Myth: The best cure for addiction is 30 days in rehab.
Addiction is a chronic brain disease. Like diabetes or heart disease, it must be managed and monitored over a lifetime. We would never consider sending someone home from the hospital after having a heart attack without follow up care, yet, for those people lucky enough to make it into treatment, we often do just that.
Myth: Addicts use the idea that they have a “disease” to avoid taking responsibility for their behavior.
Addiction involves having serious distortions in reality. It is a disease of forgetting. The core symptom in all addiction is the continued use despite negative consequences. It is baffling to watch someone bang their head against the same wall over and over again. To be in recovery, one must first accept the fact that their thinking is unsound and at times deluded. Secondly, they must take responsibility for their actions and be accountable to those they have harmed.
Myth: Addiction is caused by alcohol, drugs, sex, and slot machines
Most people are able to use these substances/behaviors without becoming addicted. Historically, this is why addiction has been seen as a moral weakness or character flaw. Now, we are able to see the bigger picture. Addiction is not solely about compulsive use; it is about the dysfunctional relationship someone has with the object of addiction. This relationship is informed by a complex system of genetic, neurobiological, psychological, environmental and social factors.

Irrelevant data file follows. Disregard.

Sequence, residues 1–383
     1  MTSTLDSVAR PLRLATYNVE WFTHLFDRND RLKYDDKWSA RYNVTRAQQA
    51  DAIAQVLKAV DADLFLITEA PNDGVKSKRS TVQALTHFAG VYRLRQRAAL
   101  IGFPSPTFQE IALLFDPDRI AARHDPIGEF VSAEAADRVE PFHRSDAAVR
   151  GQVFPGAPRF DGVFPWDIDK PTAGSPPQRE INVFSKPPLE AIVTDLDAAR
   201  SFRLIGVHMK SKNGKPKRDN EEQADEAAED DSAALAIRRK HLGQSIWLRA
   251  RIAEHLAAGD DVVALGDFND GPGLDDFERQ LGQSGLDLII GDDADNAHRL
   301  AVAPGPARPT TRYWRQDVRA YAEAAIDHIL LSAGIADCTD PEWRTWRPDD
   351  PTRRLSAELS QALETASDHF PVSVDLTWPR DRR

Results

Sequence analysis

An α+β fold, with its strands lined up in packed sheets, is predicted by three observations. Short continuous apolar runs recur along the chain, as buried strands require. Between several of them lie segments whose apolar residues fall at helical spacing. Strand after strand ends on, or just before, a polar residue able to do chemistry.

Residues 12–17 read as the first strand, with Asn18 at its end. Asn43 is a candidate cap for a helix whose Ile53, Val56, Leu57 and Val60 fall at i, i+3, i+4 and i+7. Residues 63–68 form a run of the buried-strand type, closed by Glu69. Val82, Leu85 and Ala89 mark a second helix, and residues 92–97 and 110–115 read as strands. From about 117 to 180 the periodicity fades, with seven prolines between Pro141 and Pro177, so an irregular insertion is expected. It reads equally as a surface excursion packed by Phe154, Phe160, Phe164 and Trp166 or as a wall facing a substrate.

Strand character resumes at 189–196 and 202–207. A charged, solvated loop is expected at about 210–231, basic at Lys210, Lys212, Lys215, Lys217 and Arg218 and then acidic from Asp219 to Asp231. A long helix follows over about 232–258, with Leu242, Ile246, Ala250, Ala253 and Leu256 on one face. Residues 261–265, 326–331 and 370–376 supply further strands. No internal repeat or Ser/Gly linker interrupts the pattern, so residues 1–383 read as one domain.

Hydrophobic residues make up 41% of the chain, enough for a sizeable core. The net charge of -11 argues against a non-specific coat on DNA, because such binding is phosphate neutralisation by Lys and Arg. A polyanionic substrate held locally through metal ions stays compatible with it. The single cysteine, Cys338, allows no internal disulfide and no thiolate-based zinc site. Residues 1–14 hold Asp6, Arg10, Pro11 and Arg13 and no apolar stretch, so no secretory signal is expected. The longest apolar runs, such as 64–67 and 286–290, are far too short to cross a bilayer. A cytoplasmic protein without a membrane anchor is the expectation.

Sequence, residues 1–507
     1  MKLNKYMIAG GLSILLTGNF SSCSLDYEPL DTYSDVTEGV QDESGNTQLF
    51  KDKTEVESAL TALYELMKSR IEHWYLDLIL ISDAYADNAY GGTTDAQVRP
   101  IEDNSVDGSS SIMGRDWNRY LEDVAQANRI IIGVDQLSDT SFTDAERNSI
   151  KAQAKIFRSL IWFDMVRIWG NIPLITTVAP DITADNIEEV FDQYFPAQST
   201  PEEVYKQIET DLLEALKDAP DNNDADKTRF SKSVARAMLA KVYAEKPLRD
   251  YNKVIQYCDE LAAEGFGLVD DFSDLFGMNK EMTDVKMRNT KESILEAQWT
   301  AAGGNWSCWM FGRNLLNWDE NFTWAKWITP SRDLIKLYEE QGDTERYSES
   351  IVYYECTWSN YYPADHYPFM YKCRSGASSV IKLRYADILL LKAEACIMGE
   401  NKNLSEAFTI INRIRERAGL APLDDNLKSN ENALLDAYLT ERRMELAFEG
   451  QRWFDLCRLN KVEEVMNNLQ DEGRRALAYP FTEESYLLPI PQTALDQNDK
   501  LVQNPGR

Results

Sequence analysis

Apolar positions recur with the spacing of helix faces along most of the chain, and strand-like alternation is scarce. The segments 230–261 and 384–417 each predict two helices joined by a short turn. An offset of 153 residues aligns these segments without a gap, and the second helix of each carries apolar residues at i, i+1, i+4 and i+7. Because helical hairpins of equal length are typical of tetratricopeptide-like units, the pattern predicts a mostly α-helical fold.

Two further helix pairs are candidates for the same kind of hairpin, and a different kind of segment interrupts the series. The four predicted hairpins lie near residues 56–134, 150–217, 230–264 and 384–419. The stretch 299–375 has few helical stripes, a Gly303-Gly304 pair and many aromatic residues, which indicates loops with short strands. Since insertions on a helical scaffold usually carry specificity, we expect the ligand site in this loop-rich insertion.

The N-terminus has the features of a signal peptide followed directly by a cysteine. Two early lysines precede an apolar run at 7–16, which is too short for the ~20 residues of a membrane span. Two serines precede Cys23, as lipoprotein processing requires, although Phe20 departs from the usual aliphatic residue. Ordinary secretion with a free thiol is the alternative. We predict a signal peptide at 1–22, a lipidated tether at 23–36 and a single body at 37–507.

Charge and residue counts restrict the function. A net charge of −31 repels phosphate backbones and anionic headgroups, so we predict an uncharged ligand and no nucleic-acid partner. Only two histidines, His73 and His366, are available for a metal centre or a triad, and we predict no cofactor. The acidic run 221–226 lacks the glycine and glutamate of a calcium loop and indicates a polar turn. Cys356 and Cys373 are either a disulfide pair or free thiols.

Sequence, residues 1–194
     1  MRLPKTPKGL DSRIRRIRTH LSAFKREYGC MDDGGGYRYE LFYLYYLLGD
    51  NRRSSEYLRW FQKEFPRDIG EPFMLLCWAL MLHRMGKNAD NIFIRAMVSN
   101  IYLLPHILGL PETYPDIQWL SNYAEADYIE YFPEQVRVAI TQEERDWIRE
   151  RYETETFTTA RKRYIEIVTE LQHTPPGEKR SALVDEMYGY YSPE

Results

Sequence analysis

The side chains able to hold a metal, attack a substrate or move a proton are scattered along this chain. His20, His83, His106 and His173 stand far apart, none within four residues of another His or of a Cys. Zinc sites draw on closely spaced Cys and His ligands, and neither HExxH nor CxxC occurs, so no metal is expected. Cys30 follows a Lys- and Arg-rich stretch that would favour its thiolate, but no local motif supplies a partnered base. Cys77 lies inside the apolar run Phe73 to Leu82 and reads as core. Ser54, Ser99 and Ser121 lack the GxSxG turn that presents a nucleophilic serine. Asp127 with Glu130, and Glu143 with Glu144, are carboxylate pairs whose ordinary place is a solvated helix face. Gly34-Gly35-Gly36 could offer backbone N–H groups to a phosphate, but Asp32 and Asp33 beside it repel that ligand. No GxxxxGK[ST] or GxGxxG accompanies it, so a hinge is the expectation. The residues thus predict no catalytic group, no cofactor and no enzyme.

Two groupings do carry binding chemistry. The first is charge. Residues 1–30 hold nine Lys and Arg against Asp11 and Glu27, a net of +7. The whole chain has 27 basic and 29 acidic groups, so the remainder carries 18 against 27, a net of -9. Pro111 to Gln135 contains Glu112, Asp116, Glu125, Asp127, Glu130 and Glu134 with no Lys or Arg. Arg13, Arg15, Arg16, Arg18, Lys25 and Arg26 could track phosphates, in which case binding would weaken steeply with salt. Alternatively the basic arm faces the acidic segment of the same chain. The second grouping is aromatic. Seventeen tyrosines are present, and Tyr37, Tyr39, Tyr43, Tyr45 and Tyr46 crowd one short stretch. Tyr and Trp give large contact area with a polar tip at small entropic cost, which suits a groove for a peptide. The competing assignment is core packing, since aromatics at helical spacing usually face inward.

Myth: People with sex addiction aren't sick, they just really like having sex.
Sex addiction is not about sex, nor is it about having a high sex drive. Many people enjoy frequent and diverse sexual experiences, but do not struggle with addiction. In fact, as the disorder progresses, people generally stop feeling much enjoyment or pleasure from sex. Instead, they engage sexually in order to avoid negative emotions, particularly, shame.
Myth: In order to be sexually sober, I'll never be able to masturbate or have sex again.
Although many people choose to abstain from sex or masturbation early in recovery, the goal of treatment is to be able to have a healthy relationship with sexuality that includes many forms of sexual expression.
Myth: Partners of sex addicts are codependent and need to take responsibility for enabling the addict.
Most partners of sex addicts have no idea they are being deceived. When the betrayal comes to light, they are usually disoriented, shocked, and traumatized. Unlike alcoholism or gambling where the addictive behavior is more apparent, sex addiction is generally embedded in a web of secrets and lies. Partners must be provided with a tremendous amount of support to address the effects of profound trauma.
Myth: Only men have sexual addiction.
Sexual addiction is an intimacy disorder that can equally affect men and women; however, it often manifests differently in each. While men may be more prone to act out physically (e.g., excessive masturbation, massage parlors, etc.), women are often addicted to some combination of sex, relationships and love.